Snow-White, Rose-Red, Briar Rose and Kissing Toads: what we learn from Fairy Tales

Week 11 PBP: First “F” post.  F is for Fairy Tales.

Fairy tales, fairy stories, faery tales… whatever you want to call them I grew up thinking everyone was well acquainted with these stories.  Yes, I was one of those children who grew up immersed in the world of fairy tales. The Disney versions sure – I know every word of Disney’s Sleeping Beauty by heart even now in my mid-20s. The Diseny-fied sanitized versions of fairy tales though were not the only fairy stories I grew up with Grimm’s collection and Hans Christen Anderson’s as well as a plethora of other fairy stores.  A few of my favorites I can remember to this day include The Little Princess and The Secret Garden. Those last two are fairy stories primarily for children. Even when the Grimm brothers collected their famous collection of stories, the stories were going out of fashion and taking a different shape.

Fairy tales were originally not children’s stories at all, they were originally an oral folk tradition of wisdom for young adults. These are stories using archetypes to convey life lessons or wisdom. Some are morality tales, others are more mystical in their wisdom. In case you’ve never been exposed to a “real” fairy tale here’s one of my favorite animated shorts:
Emily and the Baba Yaga by Lynchpin and 19Hertz

The Baba Yaga story definitely conveys more of a wisdom” message than a life lesson on how to be a good person.  I was an English major at one of the relatively few universities with an old school esoteric English lit department. I took courses on Harry Potter and its cultural relevance, old English literature, Beowulf, medieval literature, fairy tales, and Tolkien. As a result, I have a great respect for these fairy stories. As a Pagan, I understand these stories as sacred stories. For Pagans, fairy tales take on even greater meanings. They are useful as they were intended to be stories to teach us how to be good people, to impart folk wisdom, but also they can teach us about how our ancestors believed since much folk magic has roots in older belief systems. Fairy tales can even teach us things about magic, since magic is featured in many fairy tales. Anyone who has an interest in working with or developing a relationship with the fey, certainly will find fairy tales useful. Fairy tales impart knowledge about what kind of offerings to leave, as well as about the different kinds of fairies.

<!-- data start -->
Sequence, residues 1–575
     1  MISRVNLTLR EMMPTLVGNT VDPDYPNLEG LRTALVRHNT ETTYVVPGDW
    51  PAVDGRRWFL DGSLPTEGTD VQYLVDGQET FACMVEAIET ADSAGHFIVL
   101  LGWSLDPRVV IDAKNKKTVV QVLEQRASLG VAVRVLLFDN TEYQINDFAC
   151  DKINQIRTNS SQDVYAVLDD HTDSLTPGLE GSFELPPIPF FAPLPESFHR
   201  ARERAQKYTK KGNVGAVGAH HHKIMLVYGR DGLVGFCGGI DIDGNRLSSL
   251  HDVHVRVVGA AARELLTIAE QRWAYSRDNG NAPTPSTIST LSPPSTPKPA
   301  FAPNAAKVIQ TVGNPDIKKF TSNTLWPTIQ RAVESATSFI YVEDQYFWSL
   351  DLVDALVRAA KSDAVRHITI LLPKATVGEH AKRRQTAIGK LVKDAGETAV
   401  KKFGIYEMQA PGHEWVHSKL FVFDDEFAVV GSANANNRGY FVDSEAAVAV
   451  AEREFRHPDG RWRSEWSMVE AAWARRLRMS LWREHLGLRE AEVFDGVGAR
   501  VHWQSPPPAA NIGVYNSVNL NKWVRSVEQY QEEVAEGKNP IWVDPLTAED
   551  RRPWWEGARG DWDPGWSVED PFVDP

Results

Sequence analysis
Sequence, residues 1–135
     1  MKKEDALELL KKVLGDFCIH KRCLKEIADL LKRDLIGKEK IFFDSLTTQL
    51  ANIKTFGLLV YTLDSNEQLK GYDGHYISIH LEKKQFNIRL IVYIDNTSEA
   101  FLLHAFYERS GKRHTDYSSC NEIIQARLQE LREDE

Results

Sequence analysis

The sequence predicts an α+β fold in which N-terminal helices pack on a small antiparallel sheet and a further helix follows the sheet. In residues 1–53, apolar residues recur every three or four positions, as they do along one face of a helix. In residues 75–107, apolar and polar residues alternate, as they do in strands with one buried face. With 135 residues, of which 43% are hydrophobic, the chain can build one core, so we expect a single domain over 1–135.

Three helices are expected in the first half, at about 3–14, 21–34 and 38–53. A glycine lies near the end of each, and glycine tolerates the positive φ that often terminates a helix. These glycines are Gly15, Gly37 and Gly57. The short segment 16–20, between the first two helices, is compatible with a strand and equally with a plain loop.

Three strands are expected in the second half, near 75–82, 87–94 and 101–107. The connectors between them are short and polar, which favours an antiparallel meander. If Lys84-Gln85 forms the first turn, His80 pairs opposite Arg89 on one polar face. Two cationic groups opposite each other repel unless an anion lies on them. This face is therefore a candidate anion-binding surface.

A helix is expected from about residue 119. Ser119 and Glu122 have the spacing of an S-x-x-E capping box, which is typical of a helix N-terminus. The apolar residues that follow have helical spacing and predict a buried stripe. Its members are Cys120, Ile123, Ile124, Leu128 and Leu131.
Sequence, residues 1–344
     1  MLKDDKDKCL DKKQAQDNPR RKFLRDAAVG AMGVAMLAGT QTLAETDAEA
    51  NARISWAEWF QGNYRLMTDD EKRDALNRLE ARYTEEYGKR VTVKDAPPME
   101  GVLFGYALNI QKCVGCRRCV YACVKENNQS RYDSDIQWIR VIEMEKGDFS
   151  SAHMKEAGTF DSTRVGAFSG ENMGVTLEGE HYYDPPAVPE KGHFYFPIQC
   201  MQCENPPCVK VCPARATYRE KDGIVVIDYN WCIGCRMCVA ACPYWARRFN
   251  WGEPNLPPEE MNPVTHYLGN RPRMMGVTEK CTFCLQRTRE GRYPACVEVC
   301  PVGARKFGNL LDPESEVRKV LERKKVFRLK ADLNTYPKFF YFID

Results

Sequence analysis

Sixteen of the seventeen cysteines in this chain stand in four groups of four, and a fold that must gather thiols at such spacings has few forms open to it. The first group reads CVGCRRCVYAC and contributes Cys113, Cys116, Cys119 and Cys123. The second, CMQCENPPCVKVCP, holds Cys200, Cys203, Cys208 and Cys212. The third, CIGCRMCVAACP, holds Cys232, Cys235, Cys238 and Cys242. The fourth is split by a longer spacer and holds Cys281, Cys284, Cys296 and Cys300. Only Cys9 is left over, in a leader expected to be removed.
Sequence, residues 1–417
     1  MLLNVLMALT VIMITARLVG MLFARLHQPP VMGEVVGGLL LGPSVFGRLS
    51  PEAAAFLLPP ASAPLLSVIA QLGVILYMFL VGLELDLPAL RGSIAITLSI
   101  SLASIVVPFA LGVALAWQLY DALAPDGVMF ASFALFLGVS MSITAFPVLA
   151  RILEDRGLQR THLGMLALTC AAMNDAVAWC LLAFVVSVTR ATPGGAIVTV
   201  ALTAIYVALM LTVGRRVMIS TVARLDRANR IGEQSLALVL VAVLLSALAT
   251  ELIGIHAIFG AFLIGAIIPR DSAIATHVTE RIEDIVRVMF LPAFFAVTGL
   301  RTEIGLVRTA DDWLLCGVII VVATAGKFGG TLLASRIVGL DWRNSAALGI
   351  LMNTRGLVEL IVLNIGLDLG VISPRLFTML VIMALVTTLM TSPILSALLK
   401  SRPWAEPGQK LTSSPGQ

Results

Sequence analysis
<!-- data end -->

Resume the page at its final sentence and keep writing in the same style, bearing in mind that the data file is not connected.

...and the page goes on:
Fairy tales work by using archetypes.  Carl Jung’s philosophy on the collective unconscious and archetypes states that archetypes are powerful ideas or images that resonate across the collective unconscious. Archetypes were developed from the experience of a race or culture, they are ancestral memories in a way. By tapping into these ancestral memories, certain stories are particularly compelling to us as people. Fairy tales work on archetypes: they are not just stories about evil queens, princesses, princes, and big bad wolves those characters work on a subconscious level. As witches or practitioners of magic, we work on this same unconscious level consciously. In practice, magic is the practice of consciously creating subconscious changes or shifts in perception. We can use fairy tales as a way into these levels, as mediations, and of course as a way to impart values and magical and life lessons to children and young adults. Finally, fairy tales gives us hope and a chance to experience wonder. Life is hard, fairy tales offer and escape, the realms of fantasy and the fairy world can still instill a sense of wonder in the natural beauty even if just for a few moments of suspended disbelief.

If you’re interested in working magically with fairy tales, here are a few of my favorites:
“The Tinder Box” Hans Christian Anderson
“The Snow Queen” Hans Christian Anderson
“The Little Mermaid” Hans Christian Anderson
“Little Briar Rose/Sleeping Beauty” The Grimm Brothers
“Rumplestiltskin” The Grimm Brothers
“Cinderella” The Grimm Brothers
“The Glass Coffin” The Grimm Brothers
“The Twelve Dancing Princesses” The Grimm Brothers (especially good for astral travel/traveling to the faery places)
“Snow White and the Seven Dwarves” The Grimm Brothers
“Snow White and Rose Red” The Grimm Brothers
“Seven Ravens” The Grimm Brothers
“Vasilisa the Beautiful” (Russian)

For a taste of more modern fairy tales I recommend these films and books:
Coraline (2009)
Neil Gaiman’s Stardust (1998)
The Poison Eaters and Other Stories (2010) Holly Black
The Spiderwick Chronicles by Holly Black

Sources for further reading:
“On Fairy Stories” JRR Tolkein 


About Pixie

I'm just your average 20-something trying to figure it out. I am also a theologian, yogi, witch, pagan, dirty hippie, activist (progressive politics), feminist, knitter, environmentalist, and friend. I've also been accused of being a hipster - I am not sure about that. I am sometimes happy to be Gen Y (go Harry Potter) and most of the time confused (seriously guys... ) by everyone else. My hobbies including knitting (and maybe crochet), quilting, recycling, cooking, writing, reading, and biking. I'm finishing up a masters in public policy and when I worked worked in political nonprofits as an activist.
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One Response to Snow-White, Rose-Red, Briar Rose and Kissing Toads: what we learn from Fairy Tales

  1. Wonderful post Thank You 😀
    I thought you might like my new machinima film
    The Juggler’s Song, Bright Blessings ~

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